Our first assembly of the term focused on our Grimsdell Way which is our representation of our school values:
Every school will have a code similar to this and they are hugely important in embedding kind, safe and respectful behaviour habits and intentions in children. Children are often able to recite their school rules or values but helping them get to grips with why these are important is a little more complex. Being happy and staying safe are simple concepts that young children can connect with, so these two principles really guide us in getting our pupils to buy into the Grimsdell Way. I was delighted to share with the children some genuine photos of children making the right choices and following The Grimsdell Way when I went for a walk around our school. We looked at pictures of children walking in corridors rather than running, holding the bannister on the stairs, handing out equipment, listening to each other and cheering one another up. They made an instant visual connection with the expectations and themselves.
In addition to this we have a key feature within our behaviour policy which is to use POSITIVE language with children and empower them to take charge of their own positive behaviour, rather than wait for the negative and then react. Framing things positively and getting children to take ownership also complements our approaches to learning which are all about motivation, independence and engagement.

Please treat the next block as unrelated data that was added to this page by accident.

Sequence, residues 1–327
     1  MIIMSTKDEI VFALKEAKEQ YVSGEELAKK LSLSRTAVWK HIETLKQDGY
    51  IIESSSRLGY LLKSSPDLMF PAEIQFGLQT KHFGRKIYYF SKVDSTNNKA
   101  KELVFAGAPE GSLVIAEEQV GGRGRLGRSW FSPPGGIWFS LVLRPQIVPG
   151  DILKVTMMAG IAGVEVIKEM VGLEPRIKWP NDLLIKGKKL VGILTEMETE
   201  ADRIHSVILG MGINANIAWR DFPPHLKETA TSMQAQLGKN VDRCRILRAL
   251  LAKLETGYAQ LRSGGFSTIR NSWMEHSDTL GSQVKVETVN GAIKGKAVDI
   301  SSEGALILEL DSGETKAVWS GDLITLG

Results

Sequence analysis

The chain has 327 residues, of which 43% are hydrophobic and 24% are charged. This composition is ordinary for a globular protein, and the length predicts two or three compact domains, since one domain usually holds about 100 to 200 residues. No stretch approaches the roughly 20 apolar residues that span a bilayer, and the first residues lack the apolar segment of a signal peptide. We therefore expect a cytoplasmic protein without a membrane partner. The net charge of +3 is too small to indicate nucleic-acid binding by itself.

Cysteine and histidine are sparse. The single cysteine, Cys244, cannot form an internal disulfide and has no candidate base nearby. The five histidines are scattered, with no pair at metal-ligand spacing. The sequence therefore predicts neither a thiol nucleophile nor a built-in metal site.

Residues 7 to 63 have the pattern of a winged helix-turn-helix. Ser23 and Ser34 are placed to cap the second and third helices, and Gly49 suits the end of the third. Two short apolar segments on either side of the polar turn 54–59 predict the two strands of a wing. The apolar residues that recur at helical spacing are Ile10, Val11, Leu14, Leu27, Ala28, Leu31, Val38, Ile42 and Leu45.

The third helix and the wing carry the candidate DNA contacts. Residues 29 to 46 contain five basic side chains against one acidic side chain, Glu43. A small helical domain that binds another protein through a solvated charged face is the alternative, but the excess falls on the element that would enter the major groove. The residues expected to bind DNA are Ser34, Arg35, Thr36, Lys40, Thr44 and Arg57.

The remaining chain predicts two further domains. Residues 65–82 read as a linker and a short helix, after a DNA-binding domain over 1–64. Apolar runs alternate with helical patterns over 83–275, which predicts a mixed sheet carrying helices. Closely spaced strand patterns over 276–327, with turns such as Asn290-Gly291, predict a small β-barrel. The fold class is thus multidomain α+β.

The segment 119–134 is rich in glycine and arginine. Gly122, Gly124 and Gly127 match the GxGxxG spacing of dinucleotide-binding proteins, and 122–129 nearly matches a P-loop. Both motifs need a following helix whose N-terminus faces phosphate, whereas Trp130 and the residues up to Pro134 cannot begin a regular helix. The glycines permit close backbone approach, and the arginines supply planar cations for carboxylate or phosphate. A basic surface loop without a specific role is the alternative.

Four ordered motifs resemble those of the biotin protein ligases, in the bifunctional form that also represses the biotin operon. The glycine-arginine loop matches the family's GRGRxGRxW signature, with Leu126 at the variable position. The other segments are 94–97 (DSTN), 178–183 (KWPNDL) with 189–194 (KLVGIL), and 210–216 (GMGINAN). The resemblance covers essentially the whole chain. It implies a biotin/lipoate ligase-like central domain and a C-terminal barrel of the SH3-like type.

The key to positive behaviour lies in clear expectations first, but also the language and dialogue we use with children and the support we can give them to help them make the right choices and meet these expectations. Sometimes it is the way children feel about a situation that leads to their negative behaviour, which is why we are also developing our behaviour policy to incorporate the ‘Zones of Regulation’. This approach is about acknowledging and recognising all emotions and giving children tools to manage them. Self-control and self-regulation are key personal skills and these need to be grown and developed within young children. I hope parents enjoy the attached visual from our policy and can see the scope for this strategy to be helpful both at school and home. The tools can be added according to what works for the individual, and actually adults may find this useful for themselves too!